Nomura analyst Rick Sherlund in a new note on the company said more than just that the amount is 5x what Microsoft makes from Windows Phone. It is also, he asserted, being using to disguise the losses in the company's entertainment and devices division (EDD), which traditionally covers Xbox, Windows Phone and Skype -- but also includes the Android royalties.
Sherlund estimated that without those royalties, EDD would be losing about $2.5 billion a year, $2 billion of which is attributable to the company's Xbox platform.
This is an estimate, however. Sherlund arrived at Microsoft's $2 billion Android annual licensing revenue by assuming that the company averages a licensing fee of $5 per Android unit, and that Microsoft has about 70 percent of the total market covered by its licensing deals.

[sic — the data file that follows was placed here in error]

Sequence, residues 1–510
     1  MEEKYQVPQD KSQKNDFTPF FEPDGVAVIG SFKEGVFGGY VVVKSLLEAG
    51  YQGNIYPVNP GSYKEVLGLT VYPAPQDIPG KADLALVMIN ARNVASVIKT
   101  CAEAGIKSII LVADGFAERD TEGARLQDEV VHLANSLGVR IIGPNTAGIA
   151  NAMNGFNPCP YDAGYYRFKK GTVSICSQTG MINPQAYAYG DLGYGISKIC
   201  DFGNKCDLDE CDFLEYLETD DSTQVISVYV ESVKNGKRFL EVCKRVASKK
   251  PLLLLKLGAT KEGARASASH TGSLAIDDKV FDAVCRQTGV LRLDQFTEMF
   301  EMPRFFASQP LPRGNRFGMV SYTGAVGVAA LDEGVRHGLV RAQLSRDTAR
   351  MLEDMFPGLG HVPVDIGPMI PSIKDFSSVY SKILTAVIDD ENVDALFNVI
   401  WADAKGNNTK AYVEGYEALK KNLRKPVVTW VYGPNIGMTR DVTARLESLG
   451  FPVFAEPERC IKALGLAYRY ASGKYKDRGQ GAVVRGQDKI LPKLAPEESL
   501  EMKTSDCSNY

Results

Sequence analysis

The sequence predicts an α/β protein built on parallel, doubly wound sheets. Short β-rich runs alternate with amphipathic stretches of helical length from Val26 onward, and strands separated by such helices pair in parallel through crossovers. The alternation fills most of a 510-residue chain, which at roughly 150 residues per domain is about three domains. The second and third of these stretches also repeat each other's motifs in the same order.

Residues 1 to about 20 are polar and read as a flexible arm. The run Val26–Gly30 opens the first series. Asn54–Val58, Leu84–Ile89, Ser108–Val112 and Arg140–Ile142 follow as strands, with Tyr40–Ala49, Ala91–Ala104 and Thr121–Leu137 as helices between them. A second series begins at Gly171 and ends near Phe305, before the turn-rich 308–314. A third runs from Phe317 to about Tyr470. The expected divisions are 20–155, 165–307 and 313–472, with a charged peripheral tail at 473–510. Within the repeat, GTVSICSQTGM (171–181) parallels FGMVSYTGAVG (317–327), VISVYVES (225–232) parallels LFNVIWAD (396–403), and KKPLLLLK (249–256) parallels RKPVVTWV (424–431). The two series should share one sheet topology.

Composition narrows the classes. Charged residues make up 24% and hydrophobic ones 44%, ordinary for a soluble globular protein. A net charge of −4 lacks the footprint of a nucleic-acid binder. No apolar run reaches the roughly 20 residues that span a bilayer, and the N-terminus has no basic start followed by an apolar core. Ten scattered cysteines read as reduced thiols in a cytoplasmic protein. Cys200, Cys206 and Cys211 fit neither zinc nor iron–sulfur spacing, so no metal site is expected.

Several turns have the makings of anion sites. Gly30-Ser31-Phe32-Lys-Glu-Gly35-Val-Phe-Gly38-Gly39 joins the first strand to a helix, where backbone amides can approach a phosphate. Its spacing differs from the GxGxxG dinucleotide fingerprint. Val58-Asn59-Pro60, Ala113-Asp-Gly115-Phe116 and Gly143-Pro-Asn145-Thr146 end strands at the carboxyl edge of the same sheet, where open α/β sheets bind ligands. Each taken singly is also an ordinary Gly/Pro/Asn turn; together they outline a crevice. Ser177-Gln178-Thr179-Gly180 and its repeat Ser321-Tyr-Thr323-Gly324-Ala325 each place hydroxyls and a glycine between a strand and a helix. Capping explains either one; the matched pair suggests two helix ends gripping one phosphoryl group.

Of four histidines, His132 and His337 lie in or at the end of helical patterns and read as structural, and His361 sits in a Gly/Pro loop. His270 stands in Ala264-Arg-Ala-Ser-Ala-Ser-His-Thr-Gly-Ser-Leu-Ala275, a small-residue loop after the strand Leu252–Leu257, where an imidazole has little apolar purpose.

Notably, previous estimates have put Microsoft's licensing revenue per unit at between $5 and $15, depending on the deal. Microsoft has revealed it has licensing deals in place with almost every major Android OEM, but the company has never revealed the financial details of the deals, nor how many of the agreements actually bear fruit (royalties).
Sherlund further assumes that the royalties are a cash cow, with a 90 percent gross margin. He estimated that Microsoft made $1.6 billion -- in profits -- in the fiscal 2013 and will make $1.73 billion in fiscal 2014, and $1.82 billion in fiscal 2015.
By comparison, Sherlund believes Microsoft's Windows Phone business will bring in $3.3 billion in revenue this year, but with only $347 million in gross profits.